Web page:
ASHTABULA — After weeks of taking apart the giant stacker-reclaimer so it can travel by barge from the Ashtabula Harbor to Mobile, Alabama, the work is almost done.

The Alabama State Port Authority bought the Krupp Stacker Reclaimer at the Ashtabula Dock Company for its McDuffie Coal Terminal in Mobile.

Capp Steel in Ashtabula was in charge of preparing the massive machine for shipment.

Capp worked with Broad Street Electrical Contractors of Ashtabula, Richmond Engineering of Pittsburgh and PSC Crane and Rigging of Columbus, to complete the project, said Andy Kaschalk, project manager for Capp Steel.

“All the companies had an equal part and worked together to make it happen,” he said. “Every company knew what they had to do, and did it.”

The barge leaves in a few days, he said.

A stacker is a large machine used in bulk material handling. Its function is to pile bulk material such as limestone, ores and cereals on to a stockpile. A reclaimer can be used to recover the material. In Ashtabula, it was used to move coal.

“McDuffie Coal Terminal is capable of loading and unloading just about any form of transport,” said Daniel Gill, docks maintenance superintendent. “It’s a 550-acre terminal with about 16 miles of conveyor belt, two ship loaders, three ship unloaders, two barge unloaders, two bi-wing stackers, two rail car dumpers [one tandem and the other a single car dump], five stacker reclaimers, as well as a rail car loading station.”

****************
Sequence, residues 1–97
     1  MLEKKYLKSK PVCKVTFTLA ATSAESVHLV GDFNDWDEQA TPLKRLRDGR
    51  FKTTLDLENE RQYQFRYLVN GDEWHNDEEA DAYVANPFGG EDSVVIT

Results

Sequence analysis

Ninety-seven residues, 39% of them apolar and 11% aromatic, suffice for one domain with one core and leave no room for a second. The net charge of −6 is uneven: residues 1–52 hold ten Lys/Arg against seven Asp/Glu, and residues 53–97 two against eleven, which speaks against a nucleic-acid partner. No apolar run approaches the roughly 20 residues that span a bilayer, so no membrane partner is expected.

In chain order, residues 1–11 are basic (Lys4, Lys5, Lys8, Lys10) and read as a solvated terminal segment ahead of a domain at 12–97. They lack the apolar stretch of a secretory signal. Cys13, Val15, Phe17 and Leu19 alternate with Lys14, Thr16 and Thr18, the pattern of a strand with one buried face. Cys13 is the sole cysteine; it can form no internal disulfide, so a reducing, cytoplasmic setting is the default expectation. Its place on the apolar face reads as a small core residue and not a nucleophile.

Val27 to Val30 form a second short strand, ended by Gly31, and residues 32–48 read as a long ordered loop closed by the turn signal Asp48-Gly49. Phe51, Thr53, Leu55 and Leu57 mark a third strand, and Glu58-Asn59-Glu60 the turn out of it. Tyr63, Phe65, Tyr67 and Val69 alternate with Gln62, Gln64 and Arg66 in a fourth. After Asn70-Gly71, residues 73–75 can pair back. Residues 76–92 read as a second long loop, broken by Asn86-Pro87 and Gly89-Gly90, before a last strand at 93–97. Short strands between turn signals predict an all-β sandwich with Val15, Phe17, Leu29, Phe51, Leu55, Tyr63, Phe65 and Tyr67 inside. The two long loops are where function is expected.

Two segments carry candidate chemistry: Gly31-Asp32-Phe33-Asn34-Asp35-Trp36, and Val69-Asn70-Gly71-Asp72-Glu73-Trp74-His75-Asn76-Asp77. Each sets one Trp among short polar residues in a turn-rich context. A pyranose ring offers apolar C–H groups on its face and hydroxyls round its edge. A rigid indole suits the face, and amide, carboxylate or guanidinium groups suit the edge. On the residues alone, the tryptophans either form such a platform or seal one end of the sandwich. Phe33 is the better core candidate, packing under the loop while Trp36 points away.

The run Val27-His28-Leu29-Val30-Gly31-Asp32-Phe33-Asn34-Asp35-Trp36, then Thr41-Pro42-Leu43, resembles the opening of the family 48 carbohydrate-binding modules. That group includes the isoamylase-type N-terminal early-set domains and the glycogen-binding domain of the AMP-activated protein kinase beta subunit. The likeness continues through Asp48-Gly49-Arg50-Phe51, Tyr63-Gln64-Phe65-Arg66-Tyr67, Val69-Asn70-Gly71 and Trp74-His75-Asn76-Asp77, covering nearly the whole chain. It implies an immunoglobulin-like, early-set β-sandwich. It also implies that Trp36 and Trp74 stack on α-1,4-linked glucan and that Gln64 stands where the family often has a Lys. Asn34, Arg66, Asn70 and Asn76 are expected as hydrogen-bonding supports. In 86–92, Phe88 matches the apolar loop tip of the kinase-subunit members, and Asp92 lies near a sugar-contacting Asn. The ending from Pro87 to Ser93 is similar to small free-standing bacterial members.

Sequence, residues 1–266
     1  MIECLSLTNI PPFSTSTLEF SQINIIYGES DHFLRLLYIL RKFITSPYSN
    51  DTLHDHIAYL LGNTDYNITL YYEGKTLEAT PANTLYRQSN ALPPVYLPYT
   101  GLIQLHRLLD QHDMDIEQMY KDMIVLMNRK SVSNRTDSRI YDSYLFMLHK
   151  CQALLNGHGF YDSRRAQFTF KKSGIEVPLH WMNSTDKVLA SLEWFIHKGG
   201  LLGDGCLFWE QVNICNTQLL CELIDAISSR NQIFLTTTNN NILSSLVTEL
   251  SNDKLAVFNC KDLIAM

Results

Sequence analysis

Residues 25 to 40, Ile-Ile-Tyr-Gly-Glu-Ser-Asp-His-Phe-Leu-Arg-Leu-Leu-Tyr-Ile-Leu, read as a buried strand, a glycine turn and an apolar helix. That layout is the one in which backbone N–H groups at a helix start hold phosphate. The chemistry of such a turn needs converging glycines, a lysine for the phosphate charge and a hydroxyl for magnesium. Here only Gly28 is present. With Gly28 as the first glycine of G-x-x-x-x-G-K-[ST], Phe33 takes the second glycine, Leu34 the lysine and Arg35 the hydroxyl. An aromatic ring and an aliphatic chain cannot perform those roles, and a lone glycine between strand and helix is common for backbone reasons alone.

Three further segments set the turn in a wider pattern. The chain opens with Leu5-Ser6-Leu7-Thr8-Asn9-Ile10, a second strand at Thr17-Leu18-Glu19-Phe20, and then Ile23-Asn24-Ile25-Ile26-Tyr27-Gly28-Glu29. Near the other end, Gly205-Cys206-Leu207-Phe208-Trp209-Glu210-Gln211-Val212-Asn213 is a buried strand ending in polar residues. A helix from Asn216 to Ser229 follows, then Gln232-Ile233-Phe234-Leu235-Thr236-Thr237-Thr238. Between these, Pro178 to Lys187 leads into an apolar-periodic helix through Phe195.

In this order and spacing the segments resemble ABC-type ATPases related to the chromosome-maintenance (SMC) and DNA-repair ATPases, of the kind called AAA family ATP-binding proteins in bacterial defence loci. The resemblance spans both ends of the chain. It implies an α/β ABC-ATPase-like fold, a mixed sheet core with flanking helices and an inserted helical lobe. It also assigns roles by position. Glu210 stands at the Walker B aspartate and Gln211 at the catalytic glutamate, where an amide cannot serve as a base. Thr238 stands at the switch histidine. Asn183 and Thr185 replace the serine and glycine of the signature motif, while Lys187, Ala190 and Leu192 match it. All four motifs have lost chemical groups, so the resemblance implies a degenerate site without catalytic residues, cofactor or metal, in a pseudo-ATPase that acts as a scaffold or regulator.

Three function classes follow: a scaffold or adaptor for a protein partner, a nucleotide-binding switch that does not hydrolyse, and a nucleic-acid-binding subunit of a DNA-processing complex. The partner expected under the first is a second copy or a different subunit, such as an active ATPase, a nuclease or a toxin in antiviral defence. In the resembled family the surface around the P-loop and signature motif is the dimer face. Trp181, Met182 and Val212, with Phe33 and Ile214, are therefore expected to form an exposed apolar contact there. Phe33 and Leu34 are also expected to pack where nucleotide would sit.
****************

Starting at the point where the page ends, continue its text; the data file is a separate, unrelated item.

The Krupp machine was built around 1991-1992, according to the manual. The machine weighs about 950 tons, and measures from the top of  the rail to the top of the machine at 93-feet. If the boom is raised 16 degrees it is 99 feet high. The overall length is 334 feet, according to the manual.

Its specification for operation is reclaiming coal at 5,000 tons per hour and stacking 3,000 tons per hour.

It was originally purchased by the Consolidated Rail Corporation in 1991 or 1992, Gill said.

Ron Capitena, owner of Capp Steel, said he was impressed by how well the four companies worked together on the project.

“It went pretty smooth,” he said. “I try to use the same people as long as they work out.”

Kaschalk said Richmond Engineering did all of the engineering work.

“They were the brains behind the labor,” he said. 

The stacker-reclaimer was disassembled into six large pieces and placed on the barge. As of Thursday, one more piece had to be lifted onto the barge, Kaschalk said.

The journey from Ashtabula to Mobile will cost $8 million and will take the stacker-reclaimer on an ocean-going barge through the St. Lawrence Seaway and then on 12 over-the-road trucks. The smaller parts will travel on another seven or eight over-the-road trucks.

It should take about 30 days for the barge to get to McDuffie and the trucks will begin unloading the barge in the following weeks.

Come January, Kaschalk hopes Capp Steel gets the reconstruction job in Alabama. 

“Right now, our main focus is on the barge,” he said. “Next year we hope to start working on it at the port.”

 

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